Understanding The Science Behind Wine Tasting

Thursday, June 22nd, 2017
Wine tasting events

You don’t have to be a scientist to enjoy wine, but there are quite a few scientific elements at play when it comes to wine tasting. Anyone can drink a glass of wine and decide whether or not they like its flavor. However, truly “tasting” this beverage requires understanding how the human body’s physical processes work. We use our senses of smell and taste to determine whether or not wine is to our liking. Understanding how aroma and taste work during wine tasting can help you know how to describe your favorite or least favorite flavors and types of wine.

The role of aroma in wine tasting

Smell, or aroma, is an important part of the drinking and eating experience. There are two ways in which you can smell wine: externally and internally. The external sense you use to smell is known as orthonasal olfaction. This is the sense used when you place your nose partly inside your glass.

The second smell is called the retronasal olfaction, which occurs inside the mouth. This process actually gives the perception of flavor. If you are drinking a sweet, red wine and assume you can taste cherry, you are actually smelling cherry. It is common for a connoisseur to swoosh the drink around their mouth. This process allows them to “smell” the flavors as they enter the nasal passage.

The taste of wine

Taste refers to the actions that occur on the tongue when you are eating or drinking something, as well as the description of the product. The five primary tastes are sweet, bitter, sour, salty, and umami (meaty). Texture is another factor when it comes to taste. Textures fall under haptic senses and include spicy, menthol, and calcium, such as the grit of raw spinach. Texture can also produce an electric feeling. At wine tasting events, both taste and texture are used. To truly taste wine, you have to isolate and differentiate the physical reactions of these processes.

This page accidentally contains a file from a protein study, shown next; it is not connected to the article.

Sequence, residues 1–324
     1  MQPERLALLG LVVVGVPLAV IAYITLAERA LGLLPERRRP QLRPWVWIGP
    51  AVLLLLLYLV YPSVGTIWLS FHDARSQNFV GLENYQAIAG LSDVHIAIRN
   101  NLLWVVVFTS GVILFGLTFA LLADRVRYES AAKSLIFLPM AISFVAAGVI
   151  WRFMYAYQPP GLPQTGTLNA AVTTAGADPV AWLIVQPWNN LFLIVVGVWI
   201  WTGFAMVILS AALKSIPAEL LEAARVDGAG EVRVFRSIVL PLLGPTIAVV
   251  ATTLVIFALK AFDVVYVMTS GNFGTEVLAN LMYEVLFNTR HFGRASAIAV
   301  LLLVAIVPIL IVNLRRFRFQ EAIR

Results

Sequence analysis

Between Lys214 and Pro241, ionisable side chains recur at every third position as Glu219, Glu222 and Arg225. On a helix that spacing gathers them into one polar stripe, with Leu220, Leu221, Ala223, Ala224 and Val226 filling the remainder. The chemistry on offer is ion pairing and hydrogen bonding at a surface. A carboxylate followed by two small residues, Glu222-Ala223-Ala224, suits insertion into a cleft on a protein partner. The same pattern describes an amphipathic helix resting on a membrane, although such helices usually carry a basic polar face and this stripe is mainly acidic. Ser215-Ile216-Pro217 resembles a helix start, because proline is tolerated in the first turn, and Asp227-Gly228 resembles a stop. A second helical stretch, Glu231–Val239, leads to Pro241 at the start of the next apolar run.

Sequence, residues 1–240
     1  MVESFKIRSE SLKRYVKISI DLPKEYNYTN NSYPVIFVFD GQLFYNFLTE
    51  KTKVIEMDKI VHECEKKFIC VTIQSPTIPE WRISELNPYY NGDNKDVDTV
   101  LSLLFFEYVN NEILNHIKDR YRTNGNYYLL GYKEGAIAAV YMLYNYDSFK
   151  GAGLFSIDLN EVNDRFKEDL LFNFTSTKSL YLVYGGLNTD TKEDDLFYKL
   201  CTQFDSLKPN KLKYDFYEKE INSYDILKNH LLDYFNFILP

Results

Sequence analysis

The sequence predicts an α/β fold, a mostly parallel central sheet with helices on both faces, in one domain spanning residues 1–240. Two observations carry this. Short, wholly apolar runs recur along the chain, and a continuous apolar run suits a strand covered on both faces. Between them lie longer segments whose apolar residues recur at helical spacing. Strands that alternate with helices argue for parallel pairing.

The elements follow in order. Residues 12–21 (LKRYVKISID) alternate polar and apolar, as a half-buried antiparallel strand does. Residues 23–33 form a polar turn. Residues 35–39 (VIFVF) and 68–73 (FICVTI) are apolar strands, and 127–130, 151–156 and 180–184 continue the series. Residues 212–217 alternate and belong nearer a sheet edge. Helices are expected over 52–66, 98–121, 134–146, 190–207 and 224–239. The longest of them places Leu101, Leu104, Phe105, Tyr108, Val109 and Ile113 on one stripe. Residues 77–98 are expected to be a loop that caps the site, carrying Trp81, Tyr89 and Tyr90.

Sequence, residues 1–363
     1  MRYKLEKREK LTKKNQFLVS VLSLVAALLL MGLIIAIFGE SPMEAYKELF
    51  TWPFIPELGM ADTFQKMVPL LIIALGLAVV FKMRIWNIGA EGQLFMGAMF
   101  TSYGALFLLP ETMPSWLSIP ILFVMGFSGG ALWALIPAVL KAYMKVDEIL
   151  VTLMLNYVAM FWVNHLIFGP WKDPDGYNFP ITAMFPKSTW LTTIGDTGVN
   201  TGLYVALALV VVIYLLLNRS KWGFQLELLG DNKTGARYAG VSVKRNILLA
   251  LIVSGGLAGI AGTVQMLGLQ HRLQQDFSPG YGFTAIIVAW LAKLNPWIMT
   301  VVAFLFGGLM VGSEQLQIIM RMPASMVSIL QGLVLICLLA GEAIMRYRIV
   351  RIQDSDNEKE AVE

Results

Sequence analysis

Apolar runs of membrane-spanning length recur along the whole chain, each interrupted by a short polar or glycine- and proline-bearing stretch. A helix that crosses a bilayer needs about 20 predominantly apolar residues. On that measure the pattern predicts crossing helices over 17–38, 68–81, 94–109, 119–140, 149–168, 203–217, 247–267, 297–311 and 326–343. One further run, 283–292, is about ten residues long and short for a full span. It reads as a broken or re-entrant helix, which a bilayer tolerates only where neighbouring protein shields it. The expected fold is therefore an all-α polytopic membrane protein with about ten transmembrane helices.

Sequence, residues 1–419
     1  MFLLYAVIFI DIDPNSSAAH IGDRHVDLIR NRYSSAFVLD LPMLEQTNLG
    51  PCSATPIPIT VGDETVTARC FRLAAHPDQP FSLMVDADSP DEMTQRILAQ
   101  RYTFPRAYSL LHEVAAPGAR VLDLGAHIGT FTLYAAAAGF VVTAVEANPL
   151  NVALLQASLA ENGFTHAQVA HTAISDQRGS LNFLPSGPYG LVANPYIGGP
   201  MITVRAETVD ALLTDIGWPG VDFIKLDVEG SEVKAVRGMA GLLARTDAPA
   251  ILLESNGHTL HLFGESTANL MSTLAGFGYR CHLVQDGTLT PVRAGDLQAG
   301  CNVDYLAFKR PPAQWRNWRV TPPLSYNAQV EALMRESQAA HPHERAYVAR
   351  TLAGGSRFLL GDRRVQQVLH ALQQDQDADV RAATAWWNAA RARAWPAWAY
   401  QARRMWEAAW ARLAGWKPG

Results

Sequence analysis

Common descriptions and what they mean

The sweetness of a wine is often sensed on the tip of the tongue and, after swishing around your mouth, the middle-back area of your tongue. A sour tasting beverage will result in saliva production and your cheeks will slightly stick to your tongue. Salty flavors are sensed toward the front and middle of your tongue. Bitterness is a tricky flavor, so you must distinguish between bitterness and astringency. Bitterness is something you would likely taste in kale juice or spirulina. Licking chalk would produce an astringent taste.

These are only a few of the descriptions you may use when tasting wise. Everyone experiences taste differently. What someone may think is grape might not be what you perceive as a grape taste. Some people love a sour taste, while other cannot stand sour flavors. People also have different tolerances to bitterness and texture. There is no right or wrong answer when determining your own taste preferences.

Gaining wine tasting experience

Some people enjoy wine in the privacy of their home while others treat wine tasting as a social event. Many even build careers around wine tasting. Whether you plan to pursue the experience recreationally or professionally, consider trying a variety of wine and experimenting with flavors.

Heart Of The Desert produces a variety of award-winning wines. Seven different varietals are grown in our vineyards near Alamogordo, which allows us to offer a wide selection of wines. Gourmet foods, gift baskets, and boutique items are all part of the mix. We also host a variety of events throughout the year, including farm tours and wine tastings. For more information about our products and events, call us today at (800) 432-0999 or Contact Us by email.